24X7 control room set up to check child marriage | india | Hindustan Times
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24X7 control room set up to check child marriage

WITH AKSHAY Tritiya just around the corner, the district administration has moved into high gear to ensure that childhood is not sacrificed on the marital altar. A series of measures - including setting up a 24x7 control room and constitution of flying squads - have been initiated to prevent those below legally marriageable age from tying the knot on the festival, which falls on April 30.

india Updated: Apr 26, 2006 00:23 IST

WITH AKSHAY Tritiya just around the corner, the district administration has moved into high gear to ensure that childhood is not sacrificed on the marital altar. A series of measures - including setting up a 24x7 control room and constitution of flying squads - have been initiated to prevent those below legally marriageable age from tying the knot on the festival, which falls on April 30.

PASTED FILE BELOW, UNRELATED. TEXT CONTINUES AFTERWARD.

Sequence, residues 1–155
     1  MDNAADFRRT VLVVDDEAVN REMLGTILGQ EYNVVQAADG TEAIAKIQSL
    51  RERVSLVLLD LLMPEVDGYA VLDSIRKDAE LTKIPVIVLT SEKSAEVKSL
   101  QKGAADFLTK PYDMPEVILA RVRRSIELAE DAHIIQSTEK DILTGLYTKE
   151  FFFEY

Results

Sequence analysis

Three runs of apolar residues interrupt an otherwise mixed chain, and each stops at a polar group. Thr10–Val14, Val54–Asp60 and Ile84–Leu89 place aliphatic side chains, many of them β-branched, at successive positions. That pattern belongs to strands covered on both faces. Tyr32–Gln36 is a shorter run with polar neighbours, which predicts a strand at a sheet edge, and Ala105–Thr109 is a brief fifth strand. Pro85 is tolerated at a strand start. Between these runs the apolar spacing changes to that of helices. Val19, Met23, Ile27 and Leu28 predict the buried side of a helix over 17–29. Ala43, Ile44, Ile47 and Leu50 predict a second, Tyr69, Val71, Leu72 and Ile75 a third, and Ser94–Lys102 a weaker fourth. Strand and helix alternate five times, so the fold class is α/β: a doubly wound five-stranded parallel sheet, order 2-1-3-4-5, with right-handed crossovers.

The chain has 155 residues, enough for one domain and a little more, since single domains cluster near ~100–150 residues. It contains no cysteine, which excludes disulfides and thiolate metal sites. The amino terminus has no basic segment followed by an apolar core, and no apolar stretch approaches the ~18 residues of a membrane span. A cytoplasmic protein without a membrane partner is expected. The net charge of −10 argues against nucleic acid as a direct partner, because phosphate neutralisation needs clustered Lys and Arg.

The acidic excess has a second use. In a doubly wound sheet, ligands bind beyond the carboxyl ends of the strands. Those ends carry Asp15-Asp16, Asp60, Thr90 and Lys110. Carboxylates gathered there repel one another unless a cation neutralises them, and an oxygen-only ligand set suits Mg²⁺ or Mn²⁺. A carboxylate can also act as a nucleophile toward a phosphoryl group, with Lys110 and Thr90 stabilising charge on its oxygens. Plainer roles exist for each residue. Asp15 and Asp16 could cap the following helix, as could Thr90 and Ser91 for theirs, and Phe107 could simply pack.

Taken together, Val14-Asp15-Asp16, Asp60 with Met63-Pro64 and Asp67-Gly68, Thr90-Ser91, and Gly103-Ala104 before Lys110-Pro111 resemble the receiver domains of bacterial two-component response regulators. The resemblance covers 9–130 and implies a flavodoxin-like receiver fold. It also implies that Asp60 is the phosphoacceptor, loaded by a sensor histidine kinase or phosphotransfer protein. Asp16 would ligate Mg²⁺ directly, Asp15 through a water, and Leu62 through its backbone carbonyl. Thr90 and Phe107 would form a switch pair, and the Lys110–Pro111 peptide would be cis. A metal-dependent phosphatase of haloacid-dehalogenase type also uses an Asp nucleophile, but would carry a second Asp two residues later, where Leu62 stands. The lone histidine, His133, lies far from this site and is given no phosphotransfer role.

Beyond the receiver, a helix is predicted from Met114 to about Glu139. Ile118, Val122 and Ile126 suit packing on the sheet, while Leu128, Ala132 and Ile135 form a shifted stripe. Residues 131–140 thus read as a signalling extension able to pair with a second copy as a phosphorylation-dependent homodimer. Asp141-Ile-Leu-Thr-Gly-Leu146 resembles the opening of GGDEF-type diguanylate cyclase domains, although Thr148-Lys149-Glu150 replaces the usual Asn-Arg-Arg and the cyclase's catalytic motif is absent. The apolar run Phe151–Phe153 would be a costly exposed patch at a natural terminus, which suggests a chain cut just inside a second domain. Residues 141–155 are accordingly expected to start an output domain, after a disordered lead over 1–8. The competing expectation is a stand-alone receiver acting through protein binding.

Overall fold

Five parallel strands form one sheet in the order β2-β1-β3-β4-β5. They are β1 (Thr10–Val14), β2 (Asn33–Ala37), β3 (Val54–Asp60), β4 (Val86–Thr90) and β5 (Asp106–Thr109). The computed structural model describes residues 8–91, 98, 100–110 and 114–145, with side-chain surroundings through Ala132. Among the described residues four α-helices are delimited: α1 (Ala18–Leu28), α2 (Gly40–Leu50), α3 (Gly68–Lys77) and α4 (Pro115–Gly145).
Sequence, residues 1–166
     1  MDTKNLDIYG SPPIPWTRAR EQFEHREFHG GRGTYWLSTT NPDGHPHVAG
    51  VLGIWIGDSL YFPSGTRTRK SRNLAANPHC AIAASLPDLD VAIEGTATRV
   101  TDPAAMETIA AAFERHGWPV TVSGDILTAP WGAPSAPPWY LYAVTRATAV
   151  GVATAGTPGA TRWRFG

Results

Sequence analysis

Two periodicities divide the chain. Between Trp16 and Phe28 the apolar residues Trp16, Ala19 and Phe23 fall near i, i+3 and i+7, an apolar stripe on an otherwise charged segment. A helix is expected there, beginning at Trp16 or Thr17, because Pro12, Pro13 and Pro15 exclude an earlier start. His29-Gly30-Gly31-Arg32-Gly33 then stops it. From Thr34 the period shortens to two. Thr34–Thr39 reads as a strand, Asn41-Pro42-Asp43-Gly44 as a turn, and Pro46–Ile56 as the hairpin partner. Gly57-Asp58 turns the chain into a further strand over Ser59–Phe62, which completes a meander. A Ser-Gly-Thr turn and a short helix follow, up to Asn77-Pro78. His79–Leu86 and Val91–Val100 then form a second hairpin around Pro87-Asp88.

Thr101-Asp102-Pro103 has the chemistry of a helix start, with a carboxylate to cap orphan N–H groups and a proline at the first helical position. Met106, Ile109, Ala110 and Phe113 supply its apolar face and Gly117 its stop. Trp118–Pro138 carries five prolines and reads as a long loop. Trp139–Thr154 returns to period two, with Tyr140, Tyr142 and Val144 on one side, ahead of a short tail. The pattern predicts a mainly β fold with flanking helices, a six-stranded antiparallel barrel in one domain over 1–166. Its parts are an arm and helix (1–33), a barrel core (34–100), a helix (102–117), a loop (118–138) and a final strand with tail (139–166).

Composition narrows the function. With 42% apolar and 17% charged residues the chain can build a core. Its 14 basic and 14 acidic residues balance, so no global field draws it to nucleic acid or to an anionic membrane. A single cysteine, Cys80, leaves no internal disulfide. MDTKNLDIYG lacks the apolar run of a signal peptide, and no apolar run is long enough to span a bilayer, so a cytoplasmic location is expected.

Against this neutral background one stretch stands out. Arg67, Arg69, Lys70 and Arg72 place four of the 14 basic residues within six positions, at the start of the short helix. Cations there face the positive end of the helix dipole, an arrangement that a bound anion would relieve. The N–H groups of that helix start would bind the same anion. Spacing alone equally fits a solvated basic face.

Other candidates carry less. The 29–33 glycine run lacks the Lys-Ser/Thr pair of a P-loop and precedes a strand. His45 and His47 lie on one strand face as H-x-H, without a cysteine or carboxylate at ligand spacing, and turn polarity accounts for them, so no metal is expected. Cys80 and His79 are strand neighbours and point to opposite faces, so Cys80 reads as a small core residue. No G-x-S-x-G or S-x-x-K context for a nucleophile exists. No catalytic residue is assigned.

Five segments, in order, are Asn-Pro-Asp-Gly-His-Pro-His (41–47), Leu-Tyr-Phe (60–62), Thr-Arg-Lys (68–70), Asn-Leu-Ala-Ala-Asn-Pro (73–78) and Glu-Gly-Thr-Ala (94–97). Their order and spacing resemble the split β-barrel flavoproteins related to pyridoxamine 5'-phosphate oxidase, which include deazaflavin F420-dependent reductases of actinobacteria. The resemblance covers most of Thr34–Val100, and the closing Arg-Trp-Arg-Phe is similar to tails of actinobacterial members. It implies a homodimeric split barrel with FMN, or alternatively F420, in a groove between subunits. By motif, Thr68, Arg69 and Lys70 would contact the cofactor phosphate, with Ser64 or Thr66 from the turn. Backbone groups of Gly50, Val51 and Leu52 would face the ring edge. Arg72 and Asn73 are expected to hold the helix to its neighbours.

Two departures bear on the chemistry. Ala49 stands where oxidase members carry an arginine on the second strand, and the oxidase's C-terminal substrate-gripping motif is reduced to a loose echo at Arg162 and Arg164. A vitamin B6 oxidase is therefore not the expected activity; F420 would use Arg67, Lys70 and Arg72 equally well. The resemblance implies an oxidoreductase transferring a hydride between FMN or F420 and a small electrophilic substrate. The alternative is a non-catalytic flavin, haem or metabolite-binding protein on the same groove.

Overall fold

A large number of child marriages traditionally take place on that day as it is considered among the most auspicious days for weddings. The control room, set up at the Woman and Child Welfare Department office at the Collectorate, will become operational from April 27 and would be manned by four-member teams working eight-hour shifts.

Additional Collector Rameshwar Gupta today urged residents to immediately inform the control room by calling up at 2366058 if they witness any marriage involving minors. In a statement issued here today, Gupta pointed out that marriage of minors was a criminal act. The administration was determined to carry out legal proceedings against found involved in such marriages.

The official added that intensive campaigns involving the support of media, government officials, public representatives and community representatives would be undertaken to raise awareness about the adverse affects of child marriage.

Awareness would be created in villages through street plays, songs and dances etc. Maa-beti Sammelans would be held and drummers would be employed to spread this information at interior places. Efforts would also be made to rope in priests and clergymen to ensure the campaign’s success.

As further insurance, traditions and customs of particular communities would be kept in mind while mapping proposals to prevent child marriages. The Child Marriage Restraint Act, 1929, popularly known as the Sharda Act, calls for three years’ imprisonment and a fine of up to Rs 10,000 for those found perpetrating or abetting marriage between minors.